Some improvement needed a year after Windows Vista
Posted on : 2008-02-03 | Author : DPA
News Category :

Munich/Bonn, Germany - Windows Vista operating system celebrated its first birthday in late January, which means it's the perfect time for a system review. The system is probably running on about 100 million computers by now. While experts have found much to criticize, there are also a lot of positives to be noted.

A year of use shows that Vista is the best Windows operating system when it comes to security.

"Windows Vista is well protected against traditional attacks," says Thomas Caspers of the BSI Federal Office for Security in Information Technology. "But it's not perfect."

About 20 security gaps were discovered in Vista's first year which could have led to serious problems without timely patches from Microsoft.

One of the system's new functions is called User Access Control (UAC). UAC is designed to prevent attacks on system critical areas by requiring Vista to request confirmation of user registration for program installation.

While this is "a step in the right direction," many users find the process cumbersome, says Axel Vahldiek of "c't," a Hanover-based computer magazine.

According to Vahldiek, UAC needs to be improved so users don't need quite as many mouse clicks to make it work. System prompts also need to be more clear.

"It only makes cryptic references to string IDs. A lot of users don't know what to do with that."

Vista's startup procedure has garnered the most criticism, as the system has not been prepackaged with drivers for many programs and hardware.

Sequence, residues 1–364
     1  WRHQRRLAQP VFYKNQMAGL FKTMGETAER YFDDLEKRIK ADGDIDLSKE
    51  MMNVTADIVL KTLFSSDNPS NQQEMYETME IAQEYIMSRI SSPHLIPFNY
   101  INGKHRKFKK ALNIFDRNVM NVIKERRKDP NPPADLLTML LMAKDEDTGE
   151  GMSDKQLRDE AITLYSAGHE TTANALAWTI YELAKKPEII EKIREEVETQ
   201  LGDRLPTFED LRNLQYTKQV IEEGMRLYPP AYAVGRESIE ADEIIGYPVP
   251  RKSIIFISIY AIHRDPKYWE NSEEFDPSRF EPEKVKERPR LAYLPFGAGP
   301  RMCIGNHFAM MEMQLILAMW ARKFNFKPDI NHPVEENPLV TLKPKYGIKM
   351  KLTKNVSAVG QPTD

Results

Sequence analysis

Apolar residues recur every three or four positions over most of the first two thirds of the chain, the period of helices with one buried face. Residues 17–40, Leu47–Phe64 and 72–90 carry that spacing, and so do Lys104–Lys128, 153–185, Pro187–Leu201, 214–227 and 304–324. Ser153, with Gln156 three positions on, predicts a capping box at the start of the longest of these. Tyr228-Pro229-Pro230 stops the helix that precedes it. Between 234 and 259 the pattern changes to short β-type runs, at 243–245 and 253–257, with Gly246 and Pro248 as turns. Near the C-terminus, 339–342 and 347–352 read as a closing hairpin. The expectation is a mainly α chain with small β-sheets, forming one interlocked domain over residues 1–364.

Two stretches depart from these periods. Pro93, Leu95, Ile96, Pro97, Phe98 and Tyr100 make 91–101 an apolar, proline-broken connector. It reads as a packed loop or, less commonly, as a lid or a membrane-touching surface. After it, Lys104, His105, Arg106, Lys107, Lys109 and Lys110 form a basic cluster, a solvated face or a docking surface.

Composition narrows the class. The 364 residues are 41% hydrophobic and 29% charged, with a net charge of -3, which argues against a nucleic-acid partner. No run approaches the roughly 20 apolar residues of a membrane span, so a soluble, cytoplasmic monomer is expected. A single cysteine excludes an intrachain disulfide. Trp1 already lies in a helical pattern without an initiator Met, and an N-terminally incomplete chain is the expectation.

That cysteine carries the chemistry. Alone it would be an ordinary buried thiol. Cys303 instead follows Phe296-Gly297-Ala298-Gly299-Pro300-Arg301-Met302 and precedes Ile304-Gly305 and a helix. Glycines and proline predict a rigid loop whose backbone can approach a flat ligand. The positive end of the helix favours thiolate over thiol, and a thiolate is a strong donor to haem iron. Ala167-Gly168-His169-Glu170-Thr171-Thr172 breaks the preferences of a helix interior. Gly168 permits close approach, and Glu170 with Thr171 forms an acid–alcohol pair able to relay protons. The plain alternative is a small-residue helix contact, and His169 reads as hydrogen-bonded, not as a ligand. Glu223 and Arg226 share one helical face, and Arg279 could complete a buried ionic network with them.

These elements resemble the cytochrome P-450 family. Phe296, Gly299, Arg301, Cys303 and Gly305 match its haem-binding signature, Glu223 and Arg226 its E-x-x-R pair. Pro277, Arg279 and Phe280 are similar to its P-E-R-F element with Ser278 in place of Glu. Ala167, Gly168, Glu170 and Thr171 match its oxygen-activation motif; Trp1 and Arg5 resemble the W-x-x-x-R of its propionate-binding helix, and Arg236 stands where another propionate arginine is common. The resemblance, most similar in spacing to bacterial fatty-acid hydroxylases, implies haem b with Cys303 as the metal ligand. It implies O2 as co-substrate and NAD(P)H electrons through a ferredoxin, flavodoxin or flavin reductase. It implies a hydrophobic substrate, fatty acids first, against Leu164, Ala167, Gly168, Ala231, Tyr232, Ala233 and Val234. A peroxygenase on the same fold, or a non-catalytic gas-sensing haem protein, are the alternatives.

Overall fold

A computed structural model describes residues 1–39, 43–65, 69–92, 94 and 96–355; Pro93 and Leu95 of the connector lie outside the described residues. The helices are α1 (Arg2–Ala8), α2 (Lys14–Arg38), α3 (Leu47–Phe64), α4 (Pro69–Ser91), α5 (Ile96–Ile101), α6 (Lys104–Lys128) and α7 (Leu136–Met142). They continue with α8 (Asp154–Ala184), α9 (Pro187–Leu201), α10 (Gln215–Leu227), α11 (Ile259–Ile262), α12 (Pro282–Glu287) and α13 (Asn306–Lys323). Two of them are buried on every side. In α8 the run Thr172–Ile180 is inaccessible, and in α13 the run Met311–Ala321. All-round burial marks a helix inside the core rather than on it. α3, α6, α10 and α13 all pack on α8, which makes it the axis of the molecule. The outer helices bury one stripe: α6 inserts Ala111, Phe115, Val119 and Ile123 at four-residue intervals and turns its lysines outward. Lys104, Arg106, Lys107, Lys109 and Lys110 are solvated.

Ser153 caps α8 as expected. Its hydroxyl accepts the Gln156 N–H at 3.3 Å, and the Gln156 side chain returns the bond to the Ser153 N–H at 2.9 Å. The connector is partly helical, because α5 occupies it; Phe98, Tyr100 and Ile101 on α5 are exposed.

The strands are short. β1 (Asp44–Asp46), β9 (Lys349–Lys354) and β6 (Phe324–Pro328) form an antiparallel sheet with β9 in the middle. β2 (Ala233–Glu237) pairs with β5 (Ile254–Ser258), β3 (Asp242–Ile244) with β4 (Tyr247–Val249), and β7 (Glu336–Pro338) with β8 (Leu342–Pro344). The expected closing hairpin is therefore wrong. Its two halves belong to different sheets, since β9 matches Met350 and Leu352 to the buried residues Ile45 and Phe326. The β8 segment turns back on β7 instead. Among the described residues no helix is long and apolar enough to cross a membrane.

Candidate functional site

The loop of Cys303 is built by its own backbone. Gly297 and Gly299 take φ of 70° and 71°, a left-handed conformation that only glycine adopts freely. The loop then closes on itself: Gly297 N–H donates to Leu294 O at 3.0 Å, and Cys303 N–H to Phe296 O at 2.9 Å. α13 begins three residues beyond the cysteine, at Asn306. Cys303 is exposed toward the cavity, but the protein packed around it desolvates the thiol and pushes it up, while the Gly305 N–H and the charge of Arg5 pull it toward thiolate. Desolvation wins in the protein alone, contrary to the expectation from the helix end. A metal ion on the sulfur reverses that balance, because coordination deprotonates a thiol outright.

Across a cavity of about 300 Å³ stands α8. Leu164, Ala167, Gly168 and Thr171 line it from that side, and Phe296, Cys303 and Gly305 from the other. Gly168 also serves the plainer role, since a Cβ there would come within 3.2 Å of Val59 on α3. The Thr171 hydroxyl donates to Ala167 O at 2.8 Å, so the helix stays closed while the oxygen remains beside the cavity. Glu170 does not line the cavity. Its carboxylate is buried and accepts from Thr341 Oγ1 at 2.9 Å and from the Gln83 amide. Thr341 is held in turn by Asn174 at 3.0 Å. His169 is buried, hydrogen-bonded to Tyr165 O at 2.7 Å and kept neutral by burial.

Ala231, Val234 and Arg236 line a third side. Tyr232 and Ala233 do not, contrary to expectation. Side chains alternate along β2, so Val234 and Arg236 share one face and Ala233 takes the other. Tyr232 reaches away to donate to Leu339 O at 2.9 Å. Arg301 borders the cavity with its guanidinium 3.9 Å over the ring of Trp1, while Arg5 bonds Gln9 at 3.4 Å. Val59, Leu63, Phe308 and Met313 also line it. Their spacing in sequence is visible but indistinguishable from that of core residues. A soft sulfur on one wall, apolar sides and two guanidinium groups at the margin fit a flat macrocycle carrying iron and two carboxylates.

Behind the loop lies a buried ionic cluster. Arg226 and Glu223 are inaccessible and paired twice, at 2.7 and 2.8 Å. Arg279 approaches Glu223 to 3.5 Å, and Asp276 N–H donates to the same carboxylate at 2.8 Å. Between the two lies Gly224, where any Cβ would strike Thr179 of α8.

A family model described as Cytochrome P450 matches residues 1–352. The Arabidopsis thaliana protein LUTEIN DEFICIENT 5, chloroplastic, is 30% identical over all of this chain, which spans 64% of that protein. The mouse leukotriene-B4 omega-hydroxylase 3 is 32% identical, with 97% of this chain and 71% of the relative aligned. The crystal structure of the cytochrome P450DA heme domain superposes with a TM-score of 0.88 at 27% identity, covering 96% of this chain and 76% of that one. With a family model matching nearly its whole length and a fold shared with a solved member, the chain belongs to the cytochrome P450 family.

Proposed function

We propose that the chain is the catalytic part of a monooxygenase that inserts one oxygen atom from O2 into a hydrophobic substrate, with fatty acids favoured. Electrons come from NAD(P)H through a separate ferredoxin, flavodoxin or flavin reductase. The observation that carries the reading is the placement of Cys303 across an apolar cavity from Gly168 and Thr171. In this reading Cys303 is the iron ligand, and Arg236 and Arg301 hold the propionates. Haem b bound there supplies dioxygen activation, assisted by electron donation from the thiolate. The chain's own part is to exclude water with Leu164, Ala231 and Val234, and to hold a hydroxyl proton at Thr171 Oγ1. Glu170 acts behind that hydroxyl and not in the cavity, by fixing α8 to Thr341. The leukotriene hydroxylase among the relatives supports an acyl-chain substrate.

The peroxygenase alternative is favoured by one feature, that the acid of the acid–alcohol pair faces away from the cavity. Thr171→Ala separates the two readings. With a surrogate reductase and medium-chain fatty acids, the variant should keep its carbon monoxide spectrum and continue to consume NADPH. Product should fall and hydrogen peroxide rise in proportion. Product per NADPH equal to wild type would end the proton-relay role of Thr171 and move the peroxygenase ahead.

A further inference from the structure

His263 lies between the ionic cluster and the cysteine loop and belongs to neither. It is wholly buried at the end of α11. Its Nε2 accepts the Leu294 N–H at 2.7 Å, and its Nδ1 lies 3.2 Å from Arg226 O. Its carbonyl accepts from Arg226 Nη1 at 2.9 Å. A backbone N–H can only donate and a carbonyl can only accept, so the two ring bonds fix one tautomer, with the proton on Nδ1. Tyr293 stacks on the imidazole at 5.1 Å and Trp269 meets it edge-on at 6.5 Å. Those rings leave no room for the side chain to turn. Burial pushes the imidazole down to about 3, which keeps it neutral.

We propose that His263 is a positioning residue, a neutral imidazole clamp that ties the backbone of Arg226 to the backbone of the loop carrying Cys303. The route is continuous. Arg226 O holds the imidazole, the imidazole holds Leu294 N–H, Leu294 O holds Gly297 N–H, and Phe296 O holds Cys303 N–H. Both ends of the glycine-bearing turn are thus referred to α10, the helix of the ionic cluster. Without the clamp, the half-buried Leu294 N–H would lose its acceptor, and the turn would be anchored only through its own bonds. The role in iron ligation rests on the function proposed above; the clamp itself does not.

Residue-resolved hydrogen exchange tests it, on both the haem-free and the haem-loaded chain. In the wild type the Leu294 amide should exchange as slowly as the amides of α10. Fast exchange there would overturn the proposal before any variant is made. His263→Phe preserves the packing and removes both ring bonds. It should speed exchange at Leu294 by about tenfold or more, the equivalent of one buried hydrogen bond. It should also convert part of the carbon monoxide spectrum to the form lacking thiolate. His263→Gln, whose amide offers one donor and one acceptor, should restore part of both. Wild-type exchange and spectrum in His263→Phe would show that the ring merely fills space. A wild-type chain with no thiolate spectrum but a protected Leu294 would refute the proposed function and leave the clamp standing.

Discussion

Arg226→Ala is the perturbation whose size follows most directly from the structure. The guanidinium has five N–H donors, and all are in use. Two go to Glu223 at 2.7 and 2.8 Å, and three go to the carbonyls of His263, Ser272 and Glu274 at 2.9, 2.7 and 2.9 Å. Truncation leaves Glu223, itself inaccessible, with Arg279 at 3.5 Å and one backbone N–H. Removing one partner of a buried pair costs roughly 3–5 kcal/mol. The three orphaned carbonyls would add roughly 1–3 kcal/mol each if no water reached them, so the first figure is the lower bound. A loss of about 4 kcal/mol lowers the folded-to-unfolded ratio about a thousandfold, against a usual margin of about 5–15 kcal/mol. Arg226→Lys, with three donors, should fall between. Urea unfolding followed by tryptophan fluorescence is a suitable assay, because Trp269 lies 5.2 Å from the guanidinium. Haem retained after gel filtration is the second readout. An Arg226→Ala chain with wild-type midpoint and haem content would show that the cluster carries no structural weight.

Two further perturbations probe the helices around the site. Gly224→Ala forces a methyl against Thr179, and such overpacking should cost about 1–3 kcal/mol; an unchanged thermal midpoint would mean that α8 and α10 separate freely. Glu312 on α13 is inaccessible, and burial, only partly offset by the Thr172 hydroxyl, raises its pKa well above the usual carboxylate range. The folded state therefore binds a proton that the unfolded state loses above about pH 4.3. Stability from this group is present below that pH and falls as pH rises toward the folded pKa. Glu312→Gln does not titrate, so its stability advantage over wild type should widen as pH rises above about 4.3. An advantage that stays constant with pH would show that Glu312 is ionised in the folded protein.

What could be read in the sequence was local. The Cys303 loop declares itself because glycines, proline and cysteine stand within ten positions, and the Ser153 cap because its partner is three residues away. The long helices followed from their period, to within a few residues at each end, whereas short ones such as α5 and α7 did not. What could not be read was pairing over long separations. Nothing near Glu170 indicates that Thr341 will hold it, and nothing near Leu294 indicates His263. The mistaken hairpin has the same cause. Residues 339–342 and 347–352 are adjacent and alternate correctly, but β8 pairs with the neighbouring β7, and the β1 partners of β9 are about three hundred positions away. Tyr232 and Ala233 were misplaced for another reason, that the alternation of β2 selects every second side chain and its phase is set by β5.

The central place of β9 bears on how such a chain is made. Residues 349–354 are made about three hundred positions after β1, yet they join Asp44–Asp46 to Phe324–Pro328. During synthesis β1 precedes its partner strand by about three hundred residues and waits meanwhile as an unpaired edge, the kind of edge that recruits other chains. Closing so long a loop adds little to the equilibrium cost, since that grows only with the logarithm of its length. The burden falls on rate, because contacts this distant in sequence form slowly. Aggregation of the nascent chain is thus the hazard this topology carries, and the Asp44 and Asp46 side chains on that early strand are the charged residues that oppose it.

"The situation has gotten noticeably better," says Vahldiek, with the exception of drivers for some older devices.

Microsoft has given Vista a positive review, but does admit that its introduction was not completely seamless.

"Above all, there were sometimes problems with older programs and older hardware," says Andreas Schoeberger, a product manager. But Microsoft has also registered a steady decrease in assistance calls to its support teams.

Experts remain dissatisfied with Vista's performance. Caspers notes that on tests with the same kind of hardware, Vista runs slower than either XP or Linux operating system Ubuntu.

Vista's first service package is supposed to hit the market in the first quarter of 2008. It will be a collection of updates designed to make the system more stable. There are also plans to speed up the system, though users of older PCs likely won't notice any difference.

Schoeberger said Service Pack 1 won't have any remarkable new functions. But it will remove RFM - reduced functionality mode - from the system.

RFM effectively renders the system inoperable if users don't register with a licensing key by a set deadline or if the manufacturer determines that the user is unlicensed. Caspers says users considering dropping Vista should wait until after the new service pack is released.

While concerns linger about Vista, there is no reason for XP users to worry that Microsoft will stop supporting them.

The "main support phase" does not expire until April 2009. Until then, updates and security patches, as well as new functions and service expansions, will be made available.

After that, a third and final service pack is scheduled for release during the first half of 2008, Schoenberger says. An expanded support phase will last through April 2014, during which Microsoft will continue to release security updates for XP.

Friday, February 1, 2008

Linux and Mac OS X Desktop Gaining Market Share in 2008 on Windows Desktop

Linux and Mac OS X Desktop Gaining Market Share in 2008 on Windows Desktop

Recent research and announcements from IBM, Dell and other major PC vendors points to the Linux desktops being a factor to content with in 2008. In addition, the stability and popularity of the Mac OS X desktop is said to gain some percentage in the desktop market from Microsoft.

As a Mac OS X user myself and observing the increase of individuals in my circle converting, I can see a shift.

I will be keeping a close eye on these developments through out the year.